The National Black PR Society Inc. released a white paper at its one-day summit last week in Washington. D.C., showing that while progress has been made among black PR professionals there are still few black communicators in leadership roles where they work.
The white paper, titled “2015 State of the PR Industry: Defining & Delivering on the Promise of Diversity, generated 199 responses among PR professionals. It reminded the industry that diversity—or lack thereof—remains something of an Achilles’ Heel throughout the PR field.
Dr. Rochelle L. Ford, professor and chair, Newhouse School, Syracuse University, and Cedric Brown, research assistant, Syracuse University authored the white paper. Clarke L. Caywood, full professor, Medill School of Journalism, Northwestern University, worked with Ford and Brown on analyzing the results.
There were four major themes to the white paper:
• Blacks are found in all market segments including: corporate (20.6 percent), agency (23.8 percent), government (6.3 percent), nonprofit (12.2 percent), education (10 percent). Blacks also are well represented at mid-level positions in agencies.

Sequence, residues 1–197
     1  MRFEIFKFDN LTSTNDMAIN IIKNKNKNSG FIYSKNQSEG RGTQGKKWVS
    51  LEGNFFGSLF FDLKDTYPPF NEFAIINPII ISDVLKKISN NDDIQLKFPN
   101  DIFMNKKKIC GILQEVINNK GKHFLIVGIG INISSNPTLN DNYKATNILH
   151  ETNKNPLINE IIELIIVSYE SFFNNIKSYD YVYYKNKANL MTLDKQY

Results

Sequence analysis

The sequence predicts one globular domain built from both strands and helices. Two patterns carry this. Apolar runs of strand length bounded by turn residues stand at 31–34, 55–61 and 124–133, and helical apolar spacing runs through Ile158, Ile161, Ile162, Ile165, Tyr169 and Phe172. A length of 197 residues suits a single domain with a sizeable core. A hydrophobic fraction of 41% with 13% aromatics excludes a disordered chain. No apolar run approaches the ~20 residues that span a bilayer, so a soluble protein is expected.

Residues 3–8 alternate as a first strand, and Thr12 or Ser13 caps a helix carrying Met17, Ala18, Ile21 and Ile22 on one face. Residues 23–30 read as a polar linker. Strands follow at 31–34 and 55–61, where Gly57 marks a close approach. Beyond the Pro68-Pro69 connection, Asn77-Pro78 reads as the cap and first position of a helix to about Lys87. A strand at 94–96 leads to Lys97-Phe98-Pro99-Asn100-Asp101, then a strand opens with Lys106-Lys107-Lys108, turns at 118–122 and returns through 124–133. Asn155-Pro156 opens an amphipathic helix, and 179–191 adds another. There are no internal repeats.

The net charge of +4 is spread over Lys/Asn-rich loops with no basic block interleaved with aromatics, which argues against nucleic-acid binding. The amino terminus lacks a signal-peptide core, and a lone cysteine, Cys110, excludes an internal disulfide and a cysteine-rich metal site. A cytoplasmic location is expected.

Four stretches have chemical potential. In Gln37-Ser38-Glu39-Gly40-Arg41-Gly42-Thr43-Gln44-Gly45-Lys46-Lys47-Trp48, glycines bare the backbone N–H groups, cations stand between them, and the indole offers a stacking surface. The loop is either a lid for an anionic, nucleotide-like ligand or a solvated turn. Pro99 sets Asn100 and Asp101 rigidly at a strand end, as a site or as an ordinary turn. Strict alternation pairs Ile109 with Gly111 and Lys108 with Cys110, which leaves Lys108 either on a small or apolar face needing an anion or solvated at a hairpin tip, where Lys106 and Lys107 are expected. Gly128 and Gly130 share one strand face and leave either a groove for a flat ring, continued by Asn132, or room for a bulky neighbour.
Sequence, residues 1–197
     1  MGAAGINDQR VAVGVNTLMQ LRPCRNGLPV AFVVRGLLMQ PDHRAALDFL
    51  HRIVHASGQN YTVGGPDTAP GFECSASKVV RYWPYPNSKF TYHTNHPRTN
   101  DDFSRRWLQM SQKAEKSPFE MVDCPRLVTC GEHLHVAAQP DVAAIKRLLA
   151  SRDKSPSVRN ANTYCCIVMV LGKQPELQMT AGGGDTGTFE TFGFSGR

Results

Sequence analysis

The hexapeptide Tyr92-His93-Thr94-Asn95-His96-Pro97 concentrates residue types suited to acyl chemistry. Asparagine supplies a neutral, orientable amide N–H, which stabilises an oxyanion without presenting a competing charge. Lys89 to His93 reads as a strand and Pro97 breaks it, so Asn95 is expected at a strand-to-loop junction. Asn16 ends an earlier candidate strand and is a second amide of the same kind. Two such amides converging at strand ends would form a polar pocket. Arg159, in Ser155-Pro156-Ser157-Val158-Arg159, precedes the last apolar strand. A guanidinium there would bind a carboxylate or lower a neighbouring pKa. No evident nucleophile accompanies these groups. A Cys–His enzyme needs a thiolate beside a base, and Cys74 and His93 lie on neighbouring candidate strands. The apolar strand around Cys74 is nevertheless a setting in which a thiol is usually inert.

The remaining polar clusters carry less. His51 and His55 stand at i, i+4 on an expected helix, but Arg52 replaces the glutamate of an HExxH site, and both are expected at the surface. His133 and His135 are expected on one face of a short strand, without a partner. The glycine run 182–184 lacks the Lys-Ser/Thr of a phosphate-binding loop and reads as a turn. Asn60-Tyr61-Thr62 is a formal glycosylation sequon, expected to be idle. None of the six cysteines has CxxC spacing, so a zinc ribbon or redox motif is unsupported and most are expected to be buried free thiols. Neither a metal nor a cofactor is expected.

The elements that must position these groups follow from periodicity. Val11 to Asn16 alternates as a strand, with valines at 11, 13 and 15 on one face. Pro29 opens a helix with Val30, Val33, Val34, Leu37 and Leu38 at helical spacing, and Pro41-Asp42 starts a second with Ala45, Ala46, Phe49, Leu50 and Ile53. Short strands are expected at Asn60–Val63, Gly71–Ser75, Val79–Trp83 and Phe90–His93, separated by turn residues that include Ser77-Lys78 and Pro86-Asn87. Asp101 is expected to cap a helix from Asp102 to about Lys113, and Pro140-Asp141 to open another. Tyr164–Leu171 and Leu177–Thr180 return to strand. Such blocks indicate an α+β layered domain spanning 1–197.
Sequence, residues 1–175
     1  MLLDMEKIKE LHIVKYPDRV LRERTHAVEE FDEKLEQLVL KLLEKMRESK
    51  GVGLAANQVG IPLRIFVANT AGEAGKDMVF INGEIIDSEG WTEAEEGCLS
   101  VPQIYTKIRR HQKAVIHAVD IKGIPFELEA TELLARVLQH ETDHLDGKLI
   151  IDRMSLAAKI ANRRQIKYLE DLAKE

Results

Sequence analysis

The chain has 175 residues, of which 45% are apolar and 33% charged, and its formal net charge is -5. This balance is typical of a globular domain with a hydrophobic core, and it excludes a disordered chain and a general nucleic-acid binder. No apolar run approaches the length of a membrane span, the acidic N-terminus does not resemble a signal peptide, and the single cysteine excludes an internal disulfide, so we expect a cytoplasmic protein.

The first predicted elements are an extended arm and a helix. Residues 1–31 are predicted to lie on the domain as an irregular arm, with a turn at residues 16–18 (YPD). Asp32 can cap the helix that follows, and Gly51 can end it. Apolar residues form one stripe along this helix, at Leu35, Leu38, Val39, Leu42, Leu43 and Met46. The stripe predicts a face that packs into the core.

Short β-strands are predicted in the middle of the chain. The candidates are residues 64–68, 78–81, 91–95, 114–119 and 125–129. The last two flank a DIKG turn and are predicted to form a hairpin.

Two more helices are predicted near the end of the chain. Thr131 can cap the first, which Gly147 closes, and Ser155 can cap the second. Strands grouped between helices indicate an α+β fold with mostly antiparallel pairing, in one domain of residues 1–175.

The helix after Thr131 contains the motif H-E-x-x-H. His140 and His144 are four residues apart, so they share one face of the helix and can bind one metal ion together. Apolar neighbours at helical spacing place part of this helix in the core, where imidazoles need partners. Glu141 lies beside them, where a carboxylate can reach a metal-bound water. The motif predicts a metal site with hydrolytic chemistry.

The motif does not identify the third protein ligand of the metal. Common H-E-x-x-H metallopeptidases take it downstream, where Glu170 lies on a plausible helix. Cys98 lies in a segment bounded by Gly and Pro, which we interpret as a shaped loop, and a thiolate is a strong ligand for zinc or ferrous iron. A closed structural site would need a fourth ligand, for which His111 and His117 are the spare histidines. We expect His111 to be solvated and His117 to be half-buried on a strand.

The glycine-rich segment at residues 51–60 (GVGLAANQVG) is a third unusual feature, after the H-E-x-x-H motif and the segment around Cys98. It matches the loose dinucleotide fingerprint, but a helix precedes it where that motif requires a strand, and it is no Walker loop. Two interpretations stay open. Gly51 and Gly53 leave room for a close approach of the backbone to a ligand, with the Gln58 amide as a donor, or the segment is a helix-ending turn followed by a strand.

• However, there are still few black communicators in leadership roles where they work, the survey said. “There needs to be greater opportunities for black professionals to get access to workshops that will enable them to stay current with digital and social media technology and tools. They also want tools to help create and/or grow their businesses.”
• Black practitioners are looking for assistance from the profession for networking, professional development and career advancement, particularly understanding the risks and benefits
• There’s a greater need for the industry to focus its attention on enhancing vendor relations and supplier diversity, creating more subcontracting opportunities for large agencies to collaborate with small and minority owned businesses.
“There is no one root cause for the diversity crisis,” said Richelle Payne, president of NBPRS Inc., in a statement “We need a multi-layered, collaborative approach between the industry and black communicators. The time is right to position this organization as a critical partner in transforming agencies and corporations, and empowering black-owned businesses for the global opportunities of the future.”